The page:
thou clothed his back with thunder? He
saith among the trumpets, ha! ha! The
glory of his nostrils is terrible.—Job. •
Yea, girded with thunder, the glory and
wonil . gr
Of the whole earth whose empire he claims,
He spans it vast arch in tha might of his
Aod the pride of the war-horse he shames;
Lo, Ids nostrils breathe fire and his limbs
As from ocean to ocean he bounds, .
And he lengthens the day on his westward
In the race with tho sun on his rounds
Aye,aye,he bath come from prophecy's home,
Like a bolt from God be is driven;
With his whirlwind aback in his fast-boat-
He beareth his mission from heaven;
Though the storm hurries on, the goal h
Ere a leaf is disturbed by its din,
From his eye flames a ray of the dawn of a
That shall lighten the world of its sin.
More potent his wheel of the old-fabled roe
Of the Fates in the mystic .fielusion,
For no fable is he in his terrible glee,
But a f•,ibt of portentious conclusion :
From his bosom's deep glow springs a let
That shakes all the tyrannous thrones,
While his fierce trumpet-call wakens life in
the world's ♦al?eys of dead, dry bones,
In the eld ages dim, how they Wearied for
As they waited his coming to see,
To gather our race in his iron embrace,
Till neighbors the nations should be,
And his commerce should learn all their ha
treds to turn
To the soothing, of past-given pain:—
Now the Orient's elasp tu the Occident's
Maker, the stars sing together again.
'Tis thus ho is hero c.n his mighty career
This steam-steed of modern renown,
And the olden war horse in his thuncleroiy
Must yield up the conqueror's crown;
For the lightning glare he flings on the air,
Proclaims tb a sure purpose of heaven,
To speed him along till tbe-last feudal Wrong
IVith its last slavish fetter is riven.
From Atlantic's wild tido to Pacific's calm
Let his march be an emblem of Mind
That, leaving the past so with strife ovcreas
It has come to the help of manind
Then war shall no more Rood the planet with
To please the curet tyrants of men, .
And the land shall increase with the myrtles
To the boom or glad Aden again
History 01. tho 49th Ponsylvallia
BY A. B. EIITCHISON,
Late Captain of Company `.C.?
Our 3fareh fo Gettyabury—The second Beryls
Fighf—The third Eau's Fight—TheFourth
of Judy—Betree of the Enemy—Pursuit to
About 9 o'clock, p. m., July Ist, we
commeneed our march to Gettysburg,
passing hack over the road we had come
the day before, to near Westminister
again. The interference of trains, and
movements of other troops, prevented
our getting on with much expedition,
until daylight, when, the whole corps
being well in motion, eve took the pike
to Gettysburg, and marched off at a fair.
rate. No time was given for securing
breakfast, men had had little sleep in the
night, the road was still heavy, and we
had no time to waste, as Gettysburg was
3d miles away, and our troops there in
peril. All along the road, especially as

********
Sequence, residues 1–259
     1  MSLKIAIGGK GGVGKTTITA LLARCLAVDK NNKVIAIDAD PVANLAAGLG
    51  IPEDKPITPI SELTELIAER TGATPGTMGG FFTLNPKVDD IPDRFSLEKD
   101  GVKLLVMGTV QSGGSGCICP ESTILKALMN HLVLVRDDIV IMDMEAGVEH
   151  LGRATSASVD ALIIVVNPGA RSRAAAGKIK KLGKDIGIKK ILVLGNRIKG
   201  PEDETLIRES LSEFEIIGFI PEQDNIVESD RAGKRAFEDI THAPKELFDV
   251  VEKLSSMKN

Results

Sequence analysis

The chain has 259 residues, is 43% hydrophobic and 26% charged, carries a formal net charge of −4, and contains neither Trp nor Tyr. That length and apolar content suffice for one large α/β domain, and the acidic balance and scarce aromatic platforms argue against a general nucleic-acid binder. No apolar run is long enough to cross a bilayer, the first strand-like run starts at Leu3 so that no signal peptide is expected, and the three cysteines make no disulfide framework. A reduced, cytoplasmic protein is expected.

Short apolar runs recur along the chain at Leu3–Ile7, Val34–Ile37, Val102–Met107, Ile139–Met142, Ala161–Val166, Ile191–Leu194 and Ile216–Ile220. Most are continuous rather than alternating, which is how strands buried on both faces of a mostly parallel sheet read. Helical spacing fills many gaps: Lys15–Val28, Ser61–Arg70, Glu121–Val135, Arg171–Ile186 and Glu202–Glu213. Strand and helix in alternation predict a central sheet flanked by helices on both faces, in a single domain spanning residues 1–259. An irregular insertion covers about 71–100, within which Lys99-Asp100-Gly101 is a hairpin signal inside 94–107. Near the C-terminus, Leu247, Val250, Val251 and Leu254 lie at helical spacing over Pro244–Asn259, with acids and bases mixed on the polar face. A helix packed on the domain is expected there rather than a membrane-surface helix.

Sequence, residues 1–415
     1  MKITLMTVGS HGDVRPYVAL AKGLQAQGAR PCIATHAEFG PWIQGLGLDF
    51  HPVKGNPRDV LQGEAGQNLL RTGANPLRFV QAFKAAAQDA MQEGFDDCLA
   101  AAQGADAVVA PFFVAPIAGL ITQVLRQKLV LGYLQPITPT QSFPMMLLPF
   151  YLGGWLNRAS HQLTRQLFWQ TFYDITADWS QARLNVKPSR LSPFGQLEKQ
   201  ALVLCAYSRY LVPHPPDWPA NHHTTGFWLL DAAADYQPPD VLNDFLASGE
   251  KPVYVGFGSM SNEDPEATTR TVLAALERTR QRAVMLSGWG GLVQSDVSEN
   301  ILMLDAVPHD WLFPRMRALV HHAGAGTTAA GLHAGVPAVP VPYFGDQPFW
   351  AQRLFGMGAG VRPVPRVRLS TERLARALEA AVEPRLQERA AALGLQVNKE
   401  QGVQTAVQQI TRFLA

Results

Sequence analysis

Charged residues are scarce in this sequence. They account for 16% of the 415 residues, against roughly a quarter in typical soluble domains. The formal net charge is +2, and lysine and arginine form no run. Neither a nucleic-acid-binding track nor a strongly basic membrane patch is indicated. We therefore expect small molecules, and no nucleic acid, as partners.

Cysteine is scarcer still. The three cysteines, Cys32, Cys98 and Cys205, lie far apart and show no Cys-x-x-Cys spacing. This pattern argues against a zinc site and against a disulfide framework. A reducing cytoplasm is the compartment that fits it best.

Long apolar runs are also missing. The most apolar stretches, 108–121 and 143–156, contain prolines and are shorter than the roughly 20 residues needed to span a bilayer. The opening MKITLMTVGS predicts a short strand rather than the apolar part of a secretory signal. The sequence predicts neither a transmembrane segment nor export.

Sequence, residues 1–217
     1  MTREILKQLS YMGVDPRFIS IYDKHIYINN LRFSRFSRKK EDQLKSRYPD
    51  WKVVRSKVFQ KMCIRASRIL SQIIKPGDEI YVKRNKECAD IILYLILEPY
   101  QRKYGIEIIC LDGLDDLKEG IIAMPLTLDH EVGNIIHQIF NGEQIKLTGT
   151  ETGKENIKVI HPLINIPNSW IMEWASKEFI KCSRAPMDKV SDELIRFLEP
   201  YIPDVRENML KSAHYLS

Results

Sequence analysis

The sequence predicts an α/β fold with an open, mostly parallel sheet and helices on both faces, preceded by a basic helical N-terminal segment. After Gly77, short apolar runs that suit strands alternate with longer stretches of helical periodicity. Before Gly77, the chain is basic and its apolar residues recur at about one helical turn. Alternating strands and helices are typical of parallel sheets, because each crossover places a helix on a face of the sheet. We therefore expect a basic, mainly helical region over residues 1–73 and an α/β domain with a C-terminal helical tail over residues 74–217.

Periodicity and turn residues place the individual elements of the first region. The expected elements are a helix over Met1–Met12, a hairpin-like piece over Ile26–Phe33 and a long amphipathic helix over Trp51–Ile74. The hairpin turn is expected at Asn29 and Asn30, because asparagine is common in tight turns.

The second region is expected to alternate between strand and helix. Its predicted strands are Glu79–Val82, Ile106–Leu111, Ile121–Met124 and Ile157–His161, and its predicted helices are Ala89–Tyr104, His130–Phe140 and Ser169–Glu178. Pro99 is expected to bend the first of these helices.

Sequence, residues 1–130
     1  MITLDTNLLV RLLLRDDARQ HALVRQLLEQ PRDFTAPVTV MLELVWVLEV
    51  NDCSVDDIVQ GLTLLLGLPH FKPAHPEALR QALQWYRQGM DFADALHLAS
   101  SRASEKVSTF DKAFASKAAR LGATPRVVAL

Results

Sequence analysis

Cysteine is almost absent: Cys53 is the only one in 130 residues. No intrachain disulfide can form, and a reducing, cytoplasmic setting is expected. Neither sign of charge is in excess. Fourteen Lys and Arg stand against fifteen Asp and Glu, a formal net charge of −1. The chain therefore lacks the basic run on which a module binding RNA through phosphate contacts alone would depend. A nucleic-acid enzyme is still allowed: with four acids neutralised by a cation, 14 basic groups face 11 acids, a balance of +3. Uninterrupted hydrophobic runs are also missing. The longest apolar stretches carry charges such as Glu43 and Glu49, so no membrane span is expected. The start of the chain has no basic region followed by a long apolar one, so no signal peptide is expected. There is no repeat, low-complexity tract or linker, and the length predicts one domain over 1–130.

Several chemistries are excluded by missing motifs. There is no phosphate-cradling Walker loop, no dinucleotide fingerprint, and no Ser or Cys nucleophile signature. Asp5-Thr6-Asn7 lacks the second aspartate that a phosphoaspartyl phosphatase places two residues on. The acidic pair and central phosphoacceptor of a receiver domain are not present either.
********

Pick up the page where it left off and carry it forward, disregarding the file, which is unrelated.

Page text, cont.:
we neared the Pennsylvania line, the
peeple were very friendly, and carried
water to the troops as they passed by,
all the time exhorting us to - drive back
the rebels, of whom they seemed to be in
great terror. The march was a very
severe one; but the sound of the guns on
the soil of the ICeystone, the encourage
ment of the people along our road, their
kindness, and their very natural terror,
seemed to appeal to the den, and to ex
cite their enthusiasm. As we neared
the State Line, (Mason & Dixon's Linc,)
all inquired, eagerly, of the people, as
to the exact location, that they might
know when they first stepped upon
sylvania soil. An old man, living just
over the border, pointed it out, and as
the line Was reached, the regiment pass
ed it on a run, with cheers. A young
lady, standing at the door of a little
house, just on the Pennsylvania side,
with our flag in her bands, was the first
to welcome our regiment to its native
soil. She was most enthusiastically
cheered by our troops, who had seldom,
in Virginia, found so fair a welcome, or
seen so pretty a girl. In fact, our en
thusiastic young lady friend was so
cheered and complimented by the men,
that she retired, in confusion, to the
friendly shelter of her home.
As we approached Littlestown, evi
dences of the battle began to thicken.—
Farmers were fleeing with their horses
and cattle, the country people lined the
roods everybody in holiday dress, but
very evidently not in holiday spirits,and
al"! full ;f rumors of lie great battle,and
all aoxiou- we o'notild get to the-.scene,
and help drive back the terrible • rebels.
At Littlestown the streets were lined
with people, and every -kindness was
shown us by the ladies, who began then
to find enough work in caring for the
wounded, who were being brought in
from the front.
lye could still, hear the guns as we
moved up, and the long, bard march Was
greatly relieved by the excitement inci
dent to the scenes-along the route of our
first march throligh a really friendly